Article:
1 December 1995

Assess sheep before sending

ASSESSING sheep condition is increasingly important, particularly before transport.

Any disability when livestock reach market could result in prosecution, warned David Henderson of the Moredun Foundation, Aberdeen.

Demonstrating how to assess sheep condition and fitness, he told showgoers: "If a sheep is not fit to stand unaided due to injury, foot-rot or disease you will be liable to prosecution. It is better to write off the cost of an animal and destroy it on farm using an approved method rather than risk a fine by taking it to market."

On condition scores for lambing, Dr Henderson advised that stable scores should be the aim through the first six to eight weeks of pregnancy.

"Any changes will affect hormone levels, reducing egg implantation and increasing embryo loss." It is, however, acceptable to lose up to half a condition score during pregnancy.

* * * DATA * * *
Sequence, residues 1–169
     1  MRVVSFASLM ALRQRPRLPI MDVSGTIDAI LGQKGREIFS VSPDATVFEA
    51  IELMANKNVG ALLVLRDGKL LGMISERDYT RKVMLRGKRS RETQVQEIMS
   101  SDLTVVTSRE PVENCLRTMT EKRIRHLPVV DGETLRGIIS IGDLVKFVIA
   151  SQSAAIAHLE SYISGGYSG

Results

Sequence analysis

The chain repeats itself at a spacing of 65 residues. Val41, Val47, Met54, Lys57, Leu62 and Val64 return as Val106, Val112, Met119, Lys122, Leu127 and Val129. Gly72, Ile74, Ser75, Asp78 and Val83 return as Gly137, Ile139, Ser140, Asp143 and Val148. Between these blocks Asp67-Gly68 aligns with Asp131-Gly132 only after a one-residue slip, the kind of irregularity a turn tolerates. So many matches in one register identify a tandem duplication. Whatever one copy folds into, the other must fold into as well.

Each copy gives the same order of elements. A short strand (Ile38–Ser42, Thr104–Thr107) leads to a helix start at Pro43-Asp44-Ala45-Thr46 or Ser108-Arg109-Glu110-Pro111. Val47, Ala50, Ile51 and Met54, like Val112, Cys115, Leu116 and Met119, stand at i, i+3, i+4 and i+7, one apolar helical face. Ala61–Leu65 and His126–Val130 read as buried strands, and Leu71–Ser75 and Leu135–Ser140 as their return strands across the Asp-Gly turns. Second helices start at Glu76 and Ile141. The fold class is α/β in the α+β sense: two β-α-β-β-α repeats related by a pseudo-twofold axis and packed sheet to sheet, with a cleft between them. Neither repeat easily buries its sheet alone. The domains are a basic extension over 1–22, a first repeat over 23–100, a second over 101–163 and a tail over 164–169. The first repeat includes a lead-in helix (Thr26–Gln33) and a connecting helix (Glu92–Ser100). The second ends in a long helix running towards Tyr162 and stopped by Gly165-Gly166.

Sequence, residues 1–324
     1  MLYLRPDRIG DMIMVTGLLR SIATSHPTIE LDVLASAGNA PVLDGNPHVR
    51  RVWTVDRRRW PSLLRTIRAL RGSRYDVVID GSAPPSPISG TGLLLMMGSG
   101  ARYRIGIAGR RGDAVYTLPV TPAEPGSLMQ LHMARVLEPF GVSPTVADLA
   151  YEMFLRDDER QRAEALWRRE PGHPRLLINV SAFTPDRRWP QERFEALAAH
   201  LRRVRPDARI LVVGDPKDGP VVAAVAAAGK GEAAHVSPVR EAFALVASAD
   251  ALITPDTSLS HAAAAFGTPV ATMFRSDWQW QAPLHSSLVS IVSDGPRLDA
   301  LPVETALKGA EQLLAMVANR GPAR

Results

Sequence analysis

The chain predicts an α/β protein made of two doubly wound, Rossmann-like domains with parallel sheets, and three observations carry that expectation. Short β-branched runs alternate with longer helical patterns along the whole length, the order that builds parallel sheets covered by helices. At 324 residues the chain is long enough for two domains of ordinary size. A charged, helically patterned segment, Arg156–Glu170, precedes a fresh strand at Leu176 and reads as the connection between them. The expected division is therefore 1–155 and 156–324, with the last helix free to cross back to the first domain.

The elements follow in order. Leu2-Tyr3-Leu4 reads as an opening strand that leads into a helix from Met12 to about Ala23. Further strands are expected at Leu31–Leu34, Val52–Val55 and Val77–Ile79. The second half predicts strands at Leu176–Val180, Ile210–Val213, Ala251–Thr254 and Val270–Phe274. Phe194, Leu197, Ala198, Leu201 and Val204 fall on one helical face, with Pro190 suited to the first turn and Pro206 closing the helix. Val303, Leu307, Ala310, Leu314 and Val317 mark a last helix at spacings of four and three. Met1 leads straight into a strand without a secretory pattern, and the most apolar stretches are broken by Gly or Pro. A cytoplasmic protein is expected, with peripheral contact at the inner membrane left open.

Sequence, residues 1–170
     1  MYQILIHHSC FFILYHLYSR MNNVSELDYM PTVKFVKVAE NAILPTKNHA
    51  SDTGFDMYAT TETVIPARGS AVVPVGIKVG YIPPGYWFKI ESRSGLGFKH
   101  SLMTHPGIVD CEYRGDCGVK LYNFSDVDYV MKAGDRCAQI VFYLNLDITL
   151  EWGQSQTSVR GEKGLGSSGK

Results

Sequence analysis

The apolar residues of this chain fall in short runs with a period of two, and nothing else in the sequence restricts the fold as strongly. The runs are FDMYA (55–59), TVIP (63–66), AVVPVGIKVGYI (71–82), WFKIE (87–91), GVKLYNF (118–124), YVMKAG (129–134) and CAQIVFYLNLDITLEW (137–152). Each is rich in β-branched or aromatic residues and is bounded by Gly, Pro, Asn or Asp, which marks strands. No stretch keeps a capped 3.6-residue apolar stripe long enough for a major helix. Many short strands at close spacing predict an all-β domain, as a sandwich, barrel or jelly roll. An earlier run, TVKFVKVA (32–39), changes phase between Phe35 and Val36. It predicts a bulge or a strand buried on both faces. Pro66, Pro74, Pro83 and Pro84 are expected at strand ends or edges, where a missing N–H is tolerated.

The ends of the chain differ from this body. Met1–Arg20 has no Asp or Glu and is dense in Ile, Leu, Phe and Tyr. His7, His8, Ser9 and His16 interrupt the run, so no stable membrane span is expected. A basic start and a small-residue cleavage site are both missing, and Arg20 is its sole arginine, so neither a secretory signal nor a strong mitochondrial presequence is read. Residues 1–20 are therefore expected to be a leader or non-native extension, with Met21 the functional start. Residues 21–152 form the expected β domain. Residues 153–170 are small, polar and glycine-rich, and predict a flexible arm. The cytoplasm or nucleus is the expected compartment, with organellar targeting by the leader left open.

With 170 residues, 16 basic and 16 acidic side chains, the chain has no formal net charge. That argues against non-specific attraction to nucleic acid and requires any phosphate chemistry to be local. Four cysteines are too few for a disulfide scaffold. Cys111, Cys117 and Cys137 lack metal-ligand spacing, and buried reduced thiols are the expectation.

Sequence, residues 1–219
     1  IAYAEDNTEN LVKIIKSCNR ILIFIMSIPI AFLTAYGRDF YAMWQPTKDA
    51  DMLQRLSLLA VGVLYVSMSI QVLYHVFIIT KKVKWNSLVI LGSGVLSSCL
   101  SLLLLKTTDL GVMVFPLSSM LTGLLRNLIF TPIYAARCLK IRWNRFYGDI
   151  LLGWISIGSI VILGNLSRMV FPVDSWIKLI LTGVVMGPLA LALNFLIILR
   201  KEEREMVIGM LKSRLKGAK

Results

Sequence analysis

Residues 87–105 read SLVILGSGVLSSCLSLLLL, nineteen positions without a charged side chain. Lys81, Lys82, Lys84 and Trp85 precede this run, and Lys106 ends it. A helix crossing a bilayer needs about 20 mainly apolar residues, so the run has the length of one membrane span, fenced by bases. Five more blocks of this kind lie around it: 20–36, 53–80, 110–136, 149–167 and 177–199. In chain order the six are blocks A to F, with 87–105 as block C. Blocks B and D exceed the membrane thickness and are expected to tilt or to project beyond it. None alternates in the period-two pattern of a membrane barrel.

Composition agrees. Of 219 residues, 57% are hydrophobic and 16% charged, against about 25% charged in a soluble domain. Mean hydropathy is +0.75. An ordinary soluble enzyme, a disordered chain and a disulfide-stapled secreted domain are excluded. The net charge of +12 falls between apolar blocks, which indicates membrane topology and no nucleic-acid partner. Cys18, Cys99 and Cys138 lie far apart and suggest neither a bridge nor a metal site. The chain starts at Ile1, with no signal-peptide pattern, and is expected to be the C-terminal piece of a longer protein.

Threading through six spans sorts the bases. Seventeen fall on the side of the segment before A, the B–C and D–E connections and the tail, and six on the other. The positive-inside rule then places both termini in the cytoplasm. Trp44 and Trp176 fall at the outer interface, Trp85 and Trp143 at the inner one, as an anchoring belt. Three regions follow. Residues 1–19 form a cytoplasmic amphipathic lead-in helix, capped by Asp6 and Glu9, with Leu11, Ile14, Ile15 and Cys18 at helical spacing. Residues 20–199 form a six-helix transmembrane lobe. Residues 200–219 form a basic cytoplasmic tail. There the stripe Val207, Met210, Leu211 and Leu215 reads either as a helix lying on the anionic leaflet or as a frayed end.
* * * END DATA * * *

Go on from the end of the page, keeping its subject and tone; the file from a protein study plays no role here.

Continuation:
, and at eight weeks pre-lambing thin ewes should be pulled out and fed to achieve condition scores of 2.5-3 at lambing.

"Check for respiratory diseases (discharge from eyes and nose), signs of worm burden and check the teats for signs of chronic mastitis.

"When buying in stock scab is now of utmost importance. Tremendous care is needed when examining the fleece. There should be no breaks. In its early stages all that may be apparent is some restlessness and some tilting of the head," he said.

David Henderson of the Moredun Foundation explains the importance of assessing sheep fitness.